The bite of a tick, due to multiple factors involved in the bite process, is known to cause redness, swelling, irritation and discomfort. When a bite is administered too closely to the spinal column, feeding and inflammation may even result in a sometimes life-threatening condition known as tick paralysis. However, the little wretch is also known to play host to several other more serious diseases caused by a variety of disease agents. Lonestar ticks are known to vector, at the very least:
Lonestar ticks have NOT been shown to transmit Lyme disease. STARI is the disease that is often thought to be a presentation of Lyme disease because of similar clinical features, such as the appearance of a bulls-eye shaped rash. However it is NOT the same disease, as it fails to share the same disease agent. STARI is under investigation to determine the causative agent and to determine prevalence, which explains the acronym and the call from the CDC to have any cases of non-Lyme Lyme-like disease reported to them. With the possible exception of STARI, all of these diseases can affect both humans and their pets— most notably the domestic dog and cat. This means that your pets are at as much risk from ticks as you are, but it also means that if your pet is dropping or transporting ticks, the little bloodsuckers might infect the both of you. Lateral transmission through different ticks from infected person to pet or pet to person is also probably a possibility, though I couldn’t tell you the percentage at which that might happen. Of course, the diseases transmitted depend not only on the presence of ticks, but also of disease agents. If a tick population does not contain Rickettsia, for instance, it will not transmit Rocky Mountain Spotted Fever. Regrettably, nature is resilient, and one infected Rickettsial host can start the cycle of infection in an area.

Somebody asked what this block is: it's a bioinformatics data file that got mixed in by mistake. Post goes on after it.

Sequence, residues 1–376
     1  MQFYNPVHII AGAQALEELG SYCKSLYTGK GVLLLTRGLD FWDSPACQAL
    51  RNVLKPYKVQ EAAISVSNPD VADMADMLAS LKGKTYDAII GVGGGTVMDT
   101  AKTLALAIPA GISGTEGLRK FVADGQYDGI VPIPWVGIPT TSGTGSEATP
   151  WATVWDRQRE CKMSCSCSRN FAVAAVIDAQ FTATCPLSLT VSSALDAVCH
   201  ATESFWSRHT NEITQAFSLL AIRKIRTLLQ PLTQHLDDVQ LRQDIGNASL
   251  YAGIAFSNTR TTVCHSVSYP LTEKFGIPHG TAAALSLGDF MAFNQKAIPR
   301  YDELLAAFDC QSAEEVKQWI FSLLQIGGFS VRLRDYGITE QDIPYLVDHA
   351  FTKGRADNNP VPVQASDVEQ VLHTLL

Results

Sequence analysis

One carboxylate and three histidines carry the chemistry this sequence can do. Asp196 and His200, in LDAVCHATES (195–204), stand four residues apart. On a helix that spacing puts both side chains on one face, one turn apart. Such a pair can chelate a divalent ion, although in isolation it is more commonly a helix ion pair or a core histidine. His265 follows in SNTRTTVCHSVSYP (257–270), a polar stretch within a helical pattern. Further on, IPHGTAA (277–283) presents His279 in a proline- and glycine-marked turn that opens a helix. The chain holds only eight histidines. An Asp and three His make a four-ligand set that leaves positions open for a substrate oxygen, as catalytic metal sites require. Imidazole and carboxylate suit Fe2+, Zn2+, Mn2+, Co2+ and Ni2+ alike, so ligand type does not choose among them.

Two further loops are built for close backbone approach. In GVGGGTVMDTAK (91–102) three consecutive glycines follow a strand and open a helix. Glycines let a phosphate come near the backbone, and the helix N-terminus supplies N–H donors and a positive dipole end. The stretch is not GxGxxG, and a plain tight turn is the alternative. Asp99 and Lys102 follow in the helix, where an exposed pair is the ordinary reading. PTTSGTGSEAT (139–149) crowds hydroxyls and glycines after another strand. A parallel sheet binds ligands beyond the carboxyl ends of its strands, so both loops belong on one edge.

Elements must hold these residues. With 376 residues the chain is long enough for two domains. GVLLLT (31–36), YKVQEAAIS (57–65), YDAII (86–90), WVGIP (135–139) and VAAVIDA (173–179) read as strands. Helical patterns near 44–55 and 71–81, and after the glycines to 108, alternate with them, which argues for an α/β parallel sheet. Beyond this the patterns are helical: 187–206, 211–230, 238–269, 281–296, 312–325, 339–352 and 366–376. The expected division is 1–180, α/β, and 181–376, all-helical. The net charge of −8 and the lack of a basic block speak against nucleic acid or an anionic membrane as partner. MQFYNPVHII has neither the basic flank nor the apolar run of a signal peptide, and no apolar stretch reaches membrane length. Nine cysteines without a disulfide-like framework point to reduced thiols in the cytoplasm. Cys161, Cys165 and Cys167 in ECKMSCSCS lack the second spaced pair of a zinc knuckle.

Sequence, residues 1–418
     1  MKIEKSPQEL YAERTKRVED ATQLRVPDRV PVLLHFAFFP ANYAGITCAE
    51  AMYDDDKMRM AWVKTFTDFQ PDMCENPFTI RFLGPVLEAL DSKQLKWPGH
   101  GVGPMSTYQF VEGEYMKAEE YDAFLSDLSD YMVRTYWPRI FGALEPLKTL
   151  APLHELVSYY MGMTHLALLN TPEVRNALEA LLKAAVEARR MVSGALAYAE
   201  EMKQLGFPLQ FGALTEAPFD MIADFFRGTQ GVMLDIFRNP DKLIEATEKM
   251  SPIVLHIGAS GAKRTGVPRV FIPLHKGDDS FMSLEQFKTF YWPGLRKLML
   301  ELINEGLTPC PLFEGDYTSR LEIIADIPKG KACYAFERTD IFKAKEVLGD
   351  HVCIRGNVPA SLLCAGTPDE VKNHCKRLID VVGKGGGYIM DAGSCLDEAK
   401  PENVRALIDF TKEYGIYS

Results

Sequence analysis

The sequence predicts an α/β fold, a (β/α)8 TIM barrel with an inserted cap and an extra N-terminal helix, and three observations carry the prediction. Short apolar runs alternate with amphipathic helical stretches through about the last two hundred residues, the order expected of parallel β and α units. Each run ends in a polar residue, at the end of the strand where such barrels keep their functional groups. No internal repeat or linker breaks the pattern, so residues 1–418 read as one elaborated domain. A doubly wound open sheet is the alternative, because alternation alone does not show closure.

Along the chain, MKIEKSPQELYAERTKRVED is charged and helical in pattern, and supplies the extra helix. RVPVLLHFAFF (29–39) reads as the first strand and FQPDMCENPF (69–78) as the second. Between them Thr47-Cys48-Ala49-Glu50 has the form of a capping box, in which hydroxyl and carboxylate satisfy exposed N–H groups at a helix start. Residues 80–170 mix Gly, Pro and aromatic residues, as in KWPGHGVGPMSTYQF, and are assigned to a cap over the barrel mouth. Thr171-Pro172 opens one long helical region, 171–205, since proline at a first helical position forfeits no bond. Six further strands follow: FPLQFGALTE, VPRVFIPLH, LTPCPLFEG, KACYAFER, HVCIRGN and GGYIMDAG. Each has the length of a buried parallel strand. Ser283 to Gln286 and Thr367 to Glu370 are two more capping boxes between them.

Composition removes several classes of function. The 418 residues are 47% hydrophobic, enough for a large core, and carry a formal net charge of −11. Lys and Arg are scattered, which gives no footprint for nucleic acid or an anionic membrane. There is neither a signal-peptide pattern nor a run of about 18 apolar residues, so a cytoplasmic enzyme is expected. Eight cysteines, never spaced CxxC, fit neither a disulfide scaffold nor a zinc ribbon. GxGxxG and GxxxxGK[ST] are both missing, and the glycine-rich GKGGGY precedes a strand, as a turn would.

Having worked in a boarding kennel and a vet clinic, I can tell you without a doubt in my mind that fleas and ticks are absolutely the worst thing I have to deal with. I have handled maggoty cats. I have had to deal with the smell of a leg rotting off the dog to which it was attached. I’ve even had to clean up an explosion of roundworms, like fetid spaghetti, before I could enjoy my lunch in the break room. But somehow, it’s ectoparasites that bring a special sort of crawl to my skin. I feel them on me even when they’re not, and it scares the hell out of me.
This is not just an unfounded neurosis; unfortunately, ticks are one of the largest vectors of disease in our world. Even more unfortunately, they are found in places that people often like to be. Hikers, joggers, picnickers, swimmers, and other nature-minded folk are at huge risk for tick bites. There are precautions to take, but they may not always work. Some people aren’t in to the whole communing thing, but may still be exposed to disease-carrying ticks that have hitched a ride on the family pet or companion animal. As stated above, this is a serious issue. Human health is of extreme import, but it is also to keep in mind that allowing tick infestation to occur on pets can also result in life-threatening diseases for them.